The Observer—Official Newspaper of the Catholic Diocese of Rockford
Publication date: February 2, 2007
By Patricia Pitkus Bainbridge
Director, Respect Life Office
February 11th— the memorial of Our Lady of Lourdes— is also the 15th World Day of the Sick. In his message for this special day, Pope Benedict XVI writes, “Once again the Church turns her eyes to those who suffer and calls attention to the incurably ill, many of whom are dying from terminal diseases.” The Holy Father continues, “I would like to encourage the efforts of those who work daily to ensure that the incurably and terminally ill, together with their families, receive adequate and loving care.”
After reading the Holy Father’s message, my thoughts turned to the pre-born children who have been diagnosed with lethal fetal conditions. Will these children “receive adequate and loving care” in utero or will they be rejected because they are expected to die before or shortly after birth?
It is estimated between 80 to 90% of all babies believed to have lethal conditions are aborted—some by “early induction” where labor is induced and the premature infant is delivered. Many parents are deceived into thinking this is not an abortion, but as the National Catholic Bioethics Center explains, “induction of labor before term performed simply for the reason that the child has a lethal anomaly is direct abortion.”
Rather than offering support and loving care, many in the medical profession, either directly or tacitly, send the message that abortion is best for the baby and the family. In reality, hastening the baby’s death has no benefit for him or her and ultimately not for the family.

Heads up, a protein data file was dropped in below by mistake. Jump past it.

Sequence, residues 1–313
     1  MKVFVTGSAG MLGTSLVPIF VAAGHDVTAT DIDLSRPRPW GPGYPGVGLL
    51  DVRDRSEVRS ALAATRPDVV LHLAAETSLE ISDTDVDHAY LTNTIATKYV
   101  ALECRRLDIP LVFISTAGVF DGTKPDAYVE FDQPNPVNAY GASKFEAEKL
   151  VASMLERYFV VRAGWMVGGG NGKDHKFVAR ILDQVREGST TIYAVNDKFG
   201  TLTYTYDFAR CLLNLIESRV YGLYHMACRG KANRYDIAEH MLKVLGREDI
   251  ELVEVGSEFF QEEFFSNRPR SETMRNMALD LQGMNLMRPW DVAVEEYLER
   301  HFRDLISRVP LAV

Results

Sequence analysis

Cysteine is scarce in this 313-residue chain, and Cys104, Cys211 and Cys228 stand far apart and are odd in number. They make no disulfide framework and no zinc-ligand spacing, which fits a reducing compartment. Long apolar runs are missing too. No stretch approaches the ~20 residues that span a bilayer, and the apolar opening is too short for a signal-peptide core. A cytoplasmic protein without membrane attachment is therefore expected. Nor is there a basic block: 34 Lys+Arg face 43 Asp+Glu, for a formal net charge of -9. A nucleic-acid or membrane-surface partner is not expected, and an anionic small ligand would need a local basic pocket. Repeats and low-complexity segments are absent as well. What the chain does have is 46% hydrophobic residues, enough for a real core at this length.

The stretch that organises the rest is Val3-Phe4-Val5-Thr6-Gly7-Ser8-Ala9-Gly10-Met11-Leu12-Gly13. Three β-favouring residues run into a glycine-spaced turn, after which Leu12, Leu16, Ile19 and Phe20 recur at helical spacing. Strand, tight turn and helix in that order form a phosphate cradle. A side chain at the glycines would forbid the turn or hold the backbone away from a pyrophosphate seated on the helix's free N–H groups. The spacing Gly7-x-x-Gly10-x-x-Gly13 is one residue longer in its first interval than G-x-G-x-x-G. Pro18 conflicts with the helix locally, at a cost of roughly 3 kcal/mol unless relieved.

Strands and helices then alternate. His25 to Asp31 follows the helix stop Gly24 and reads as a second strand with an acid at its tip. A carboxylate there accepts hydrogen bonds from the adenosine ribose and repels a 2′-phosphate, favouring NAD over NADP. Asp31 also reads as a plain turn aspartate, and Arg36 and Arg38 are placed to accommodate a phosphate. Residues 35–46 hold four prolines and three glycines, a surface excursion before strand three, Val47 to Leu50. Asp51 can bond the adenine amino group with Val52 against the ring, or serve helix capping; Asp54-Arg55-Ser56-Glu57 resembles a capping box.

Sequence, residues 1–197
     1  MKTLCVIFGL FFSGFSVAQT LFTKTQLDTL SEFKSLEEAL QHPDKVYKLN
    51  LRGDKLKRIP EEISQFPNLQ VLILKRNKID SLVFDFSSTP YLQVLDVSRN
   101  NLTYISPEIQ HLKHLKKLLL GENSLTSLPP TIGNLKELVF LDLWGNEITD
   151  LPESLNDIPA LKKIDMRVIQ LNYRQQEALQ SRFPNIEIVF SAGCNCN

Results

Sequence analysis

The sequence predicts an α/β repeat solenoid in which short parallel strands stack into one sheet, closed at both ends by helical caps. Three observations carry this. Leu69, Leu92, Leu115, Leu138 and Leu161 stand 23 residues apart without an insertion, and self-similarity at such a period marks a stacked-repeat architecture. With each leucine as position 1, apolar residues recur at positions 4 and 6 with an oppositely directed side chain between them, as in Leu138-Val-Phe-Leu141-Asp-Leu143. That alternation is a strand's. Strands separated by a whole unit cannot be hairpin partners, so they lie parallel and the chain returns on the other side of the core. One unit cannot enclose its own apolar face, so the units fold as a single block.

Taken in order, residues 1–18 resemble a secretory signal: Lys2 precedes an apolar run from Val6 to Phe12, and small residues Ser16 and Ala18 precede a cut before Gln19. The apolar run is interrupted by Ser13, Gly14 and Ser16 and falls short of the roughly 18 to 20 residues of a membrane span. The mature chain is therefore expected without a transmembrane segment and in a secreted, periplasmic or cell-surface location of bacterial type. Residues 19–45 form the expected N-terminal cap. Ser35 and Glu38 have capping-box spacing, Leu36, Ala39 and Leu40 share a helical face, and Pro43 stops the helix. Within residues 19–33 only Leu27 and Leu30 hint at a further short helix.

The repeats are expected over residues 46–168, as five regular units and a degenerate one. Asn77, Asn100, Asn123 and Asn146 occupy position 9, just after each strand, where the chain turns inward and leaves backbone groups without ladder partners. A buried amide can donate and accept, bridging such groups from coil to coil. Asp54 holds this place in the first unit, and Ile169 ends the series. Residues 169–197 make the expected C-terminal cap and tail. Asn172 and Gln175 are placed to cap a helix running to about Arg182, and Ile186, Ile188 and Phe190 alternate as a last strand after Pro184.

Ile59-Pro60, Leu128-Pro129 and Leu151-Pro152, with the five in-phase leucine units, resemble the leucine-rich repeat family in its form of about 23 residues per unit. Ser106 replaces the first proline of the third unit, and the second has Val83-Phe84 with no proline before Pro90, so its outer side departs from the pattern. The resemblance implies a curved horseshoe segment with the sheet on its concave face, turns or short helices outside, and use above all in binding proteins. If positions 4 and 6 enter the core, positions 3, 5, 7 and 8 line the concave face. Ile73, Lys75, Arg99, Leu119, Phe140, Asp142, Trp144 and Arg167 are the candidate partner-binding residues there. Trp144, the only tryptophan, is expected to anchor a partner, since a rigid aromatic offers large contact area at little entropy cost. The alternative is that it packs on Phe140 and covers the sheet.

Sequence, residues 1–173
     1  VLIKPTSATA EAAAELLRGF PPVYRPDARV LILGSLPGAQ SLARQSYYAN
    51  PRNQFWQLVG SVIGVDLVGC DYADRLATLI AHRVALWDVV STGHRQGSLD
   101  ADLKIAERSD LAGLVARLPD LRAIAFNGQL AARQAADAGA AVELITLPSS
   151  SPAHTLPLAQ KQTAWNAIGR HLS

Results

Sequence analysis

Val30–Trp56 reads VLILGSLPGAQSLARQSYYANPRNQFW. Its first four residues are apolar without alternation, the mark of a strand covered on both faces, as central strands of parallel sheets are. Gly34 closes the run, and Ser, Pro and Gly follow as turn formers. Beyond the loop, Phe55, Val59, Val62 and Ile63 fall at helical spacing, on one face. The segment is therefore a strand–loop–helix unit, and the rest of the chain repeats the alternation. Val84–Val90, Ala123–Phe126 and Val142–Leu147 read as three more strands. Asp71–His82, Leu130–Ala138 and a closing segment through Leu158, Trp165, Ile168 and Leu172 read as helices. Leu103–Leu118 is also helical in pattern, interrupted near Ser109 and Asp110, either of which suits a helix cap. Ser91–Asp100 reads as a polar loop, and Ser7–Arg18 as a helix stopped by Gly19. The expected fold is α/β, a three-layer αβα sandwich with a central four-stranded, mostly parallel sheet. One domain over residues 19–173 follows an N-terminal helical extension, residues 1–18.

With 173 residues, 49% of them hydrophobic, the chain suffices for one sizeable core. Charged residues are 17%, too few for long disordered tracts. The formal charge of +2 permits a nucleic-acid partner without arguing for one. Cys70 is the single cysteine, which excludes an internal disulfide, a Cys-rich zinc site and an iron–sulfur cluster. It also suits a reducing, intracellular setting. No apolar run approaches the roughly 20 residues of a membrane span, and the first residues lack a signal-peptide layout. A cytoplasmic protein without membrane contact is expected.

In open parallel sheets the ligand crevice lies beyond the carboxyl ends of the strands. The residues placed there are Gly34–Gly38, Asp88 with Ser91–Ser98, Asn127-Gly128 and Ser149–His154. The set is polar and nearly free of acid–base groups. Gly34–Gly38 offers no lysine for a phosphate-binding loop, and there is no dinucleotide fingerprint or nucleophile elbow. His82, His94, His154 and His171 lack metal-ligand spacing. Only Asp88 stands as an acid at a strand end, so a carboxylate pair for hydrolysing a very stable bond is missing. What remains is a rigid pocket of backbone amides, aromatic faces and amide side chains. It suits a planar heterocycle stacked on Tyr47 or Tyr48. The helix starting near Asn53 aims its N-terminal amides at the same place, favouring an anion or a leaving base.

Physicians at the Tepeyac Family Center in Virginia acknowledge this as they write, “Some think that we can control death by terminating the pregnancy, the aborting of the life is an attempt to eliminate the suffering. We have found that the exact opposite to be true. The suffering remains.”
Studies have shown that parents often experience even more suffering if they decide to abort their babies who have fatal conditions. Because of their deliberate decision, they believe they have no one with whom to discuss their feelings of grief. Many tell friends and family that they miscarried, so when the additional grief hits them, they feel they have nowhere to turn. To suffering parents who chose abortion, I pray you will follow the words of John Paul II: “If you have not already done so, give yourselves over with humility and trust to repentance. The Father of mercies is ready to give you his forgiveness and his peace in the Sacrament of Reconciliation.”
For those who are facing a difficult pre-natal diagnosis or may know someone who is, please know there are loving alternatives to abortion. A number of web sites offer information and support. Benotafraid.net is “an online outreach to parents who have received a poor or difficult prenatal diagnosis. The family stories, articles, and links within this site are presented as a resource for those who may have been asked to choose between terminating a pregnancy or continuing on despite the diagnosis. The benotafraid.net families faced the same decision and chose not to terminate. By sharing our experiences, we hope to offer encouragement to those who may be afraid to continue on.”
Among the numerous resources listed on benotafraid.net is The Haven Network—a peri-natal hospice located in Rockford, Illinois. One of The Haven’s programs “provides emotional, spiritual and practical support, including meal delivery, layettes and burial gowns, and memory boxes through trained volunteers . . . Family Partner volunteers receive specialized education that assists them to journey with their assigned family for one year and will extend that support through subsequent pregnancies if desired.”
I am privileged to serve as an advisor for this wonderful organization and I encourage anyone facing a difficult prenatal diagnosis to contact The Haven at 815.962.1512 or visit their website at thehavennetwork.org.
Families do not have to face the difficulty of a lethal pre-natal diagnosis alone. There are Good Samaritans who will provide more than “adequate and loving care.”